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Evolution by Mind Map: Evolution

1. Theories

1.1. Darwin

1.1.1. natural selection

1.1.1.1. inheritance of new variation

1.1.1.2. overproduction

1.1.1.3. varition

1.1.2. Modern synthesis

1.1.2.1. theory refined/developed in light of modern biology

1.2. Lamarck

1.2.1. life evolves as environment changes

1.2.2. 1. "use and disuse"

1.2.2.1. body parts used extensively become larger and stronger

1.2.2.2. other body parts deteriorate

1.2.3. 2. inheritance of acquired characteristics

1.2.4. organisms have an innate drive to become more complex

2. Evidence

2.1. Fossils

2.1.1. transitonal fossils

2.1.1.1. archaeopteryx

2.1.2. living fossils

2.1.2.1. platypus

2.2. molecular biology

2.3. immunological Methods

2.4. similarities

2.4.1. Comparitive cytology

2.4.2. substances & processes

2.4.3. proteins

2.4.3.1. E.g. Insulin, cytochrome c, hemoglobin

2.4.4. DNA comparison

2.4.4.1. base sequences

2.4.4.2. DNA hybridisation

2.4.5. Comparative embryology

2.4.6. Biogeographical evidence

2.4.6.1. continental drift

2.4.7. novel forms / evo-devo

2.4.7.1. Hox genes

2.4.7.2. Evolution works with what is already present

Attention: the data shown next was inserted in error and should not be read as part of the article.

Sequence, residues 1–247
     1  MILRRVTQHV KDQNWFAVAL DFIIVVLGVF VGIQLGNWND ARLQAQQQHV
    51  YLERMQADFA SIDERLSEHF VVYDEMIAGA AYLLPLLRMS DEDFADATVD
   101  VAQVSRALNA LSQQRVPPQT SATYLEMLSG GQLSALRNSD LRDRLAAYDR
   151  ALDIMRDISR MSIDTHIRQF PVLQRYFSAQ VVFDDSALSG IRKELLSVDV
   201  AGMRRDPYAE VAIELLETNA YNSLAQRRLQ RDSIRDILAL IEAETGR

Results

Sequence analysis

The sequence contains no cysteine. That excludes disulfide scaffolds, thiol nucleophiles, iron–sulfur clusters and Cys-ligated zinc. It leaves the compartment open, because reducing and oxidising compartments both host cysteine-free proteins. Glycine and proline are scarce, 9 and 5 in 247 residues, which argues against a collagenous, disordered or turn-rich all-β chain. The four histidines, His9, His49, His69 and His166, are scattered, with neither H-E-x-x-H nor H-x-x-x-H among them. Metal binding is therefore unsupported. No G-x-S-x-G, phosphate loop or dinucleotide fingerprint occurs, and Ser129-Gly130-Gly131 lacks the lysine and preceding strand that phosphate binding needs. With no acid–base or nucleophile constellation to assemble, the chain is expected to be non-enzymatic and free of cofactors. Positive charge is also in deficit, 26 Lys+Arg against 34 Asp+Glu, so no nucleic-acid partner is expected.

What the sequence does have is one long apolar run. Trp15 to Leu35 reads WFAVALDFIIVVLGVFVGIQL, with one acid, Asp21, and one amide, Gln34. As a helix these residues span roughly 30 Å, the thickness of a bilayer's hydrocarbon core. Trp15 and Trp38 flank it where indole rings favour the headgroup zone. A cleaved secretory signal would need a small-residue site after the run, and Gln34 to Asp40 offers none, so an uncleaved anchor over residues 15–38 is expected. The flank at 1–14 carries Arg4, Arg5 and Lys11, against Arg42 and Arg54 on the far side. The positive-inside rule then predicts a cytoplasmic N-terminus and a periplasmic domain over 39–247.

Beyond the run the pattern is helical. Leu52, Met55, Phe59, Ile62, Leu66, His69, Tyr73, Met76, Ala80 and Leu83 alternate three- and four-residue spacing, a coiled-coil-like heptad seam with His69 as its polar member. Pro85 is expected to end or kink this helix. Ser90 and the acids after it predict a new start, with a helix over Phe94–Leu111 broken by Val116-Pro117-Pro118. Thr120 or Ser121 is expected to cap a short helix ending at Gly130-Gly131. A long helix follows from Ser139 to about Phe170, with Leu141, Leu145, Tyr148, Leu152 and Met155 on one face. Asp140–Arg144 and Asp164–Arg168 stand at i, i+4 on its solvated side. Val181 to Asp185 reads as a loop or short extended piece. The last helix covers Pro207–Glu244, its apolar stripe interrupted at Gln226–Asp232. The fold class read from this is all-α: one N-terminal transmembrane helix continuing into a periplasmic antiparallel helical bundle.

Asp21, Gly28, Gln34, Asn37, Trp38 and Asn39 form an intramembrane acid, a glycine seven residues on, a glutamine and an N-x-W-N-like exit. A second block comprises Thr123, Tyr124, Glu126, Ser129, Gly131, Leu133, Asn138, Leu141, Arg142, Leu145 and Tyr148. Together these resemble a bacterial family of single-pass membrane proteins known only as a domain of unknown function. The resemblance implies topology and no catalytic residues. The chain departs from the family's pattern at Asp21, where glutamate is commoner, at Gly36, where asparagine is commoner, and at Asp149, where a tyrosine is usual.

2.4.7.3. multifunctionality & redundancy

2.4.7.4. modularity

2.4.8. rudimentary organs

2.4.8.1. E.g.

3. Speciation

3.1. Forms of speciation

3.1.1. Allopatric speciation

3.1.1.1. 1. Geographic isolation

3.1.1.2. 2. different selection pressures

3.1.1.3. 3. reproductive isolation

3.1.2. sympatric speciation

3.1.2.1. no geographic isolation

3.1.2.2. speciation by polyploidy

3.1.2.3. habitat differentiation

3.1.2.4. sexual selection

3.1.2.5. requires reproductive barrier

3.1.3. adaptive radiation

3.1.3.1. annidation

3.1.3.1.1. E.g. Darwins Finches

3.1.3.2. Preconditions

3.1.3.2.1. little competition

3.1.3.2.2. allopatric speciation occured before

3.1.3.2.3. different niches available

3.2. factors

3.2.1. hybridity

3.2.1.1. Barriers

3.2.1.1.1. postzygotic

3.2.1.1.2. prezygotic

3.2.2. isolation

3.2.2.1. habitat

3.2.2.2. temporal

3.2.2.3. behavioral

3.2.2.3.1. E.g. singing birds

3.2.2.4. mechanical

3.2.2.5. gametic

4. Comparative anatomy

4.1. related and similar looking

4.1.1. homology

4.1.1.1. criterion

4.1.1.1.1. criterion of position

4.1.1.1.2. criterion of continuity

4.1.1.1.3. criterion of specific quality

4.1.1.2. examples

4.1.1.2.1. pentadactyl limb

4.2. not closely related but similar looking

4.2.1. homoplasy

4.2.1.1. parallel evolution

4.2.1.1.1. differences to convergent evolution

4.2.1.2. convergent evolution

4.2.1.2.1. analogy

4.2.1.2.2. dolphin - shark

5. population

5.1. ideal population

5.1.1. extremely large population size

5.1.2. no gene flow

5.1.3. no mutations

5.1.4. random mating / panmixia

5.1.5. no natural selection

5.1.6. no change of allele frequncies

5.1.6.1. no development

5.2. real population

5.2.1. not ideal

5.3. gene pool changes by

5.3.1. gene drift

5.3.1.1. founder effect

5.3.1.1.1. migration of a part of the population

5.3.1.2. bottleneck effect

5.3.1.2.1. reduction of the population

5.3.1.3. effects

5.3.1.3.1. stronger in smaller populations

5.3.1.3.2. allele frequency can change randomly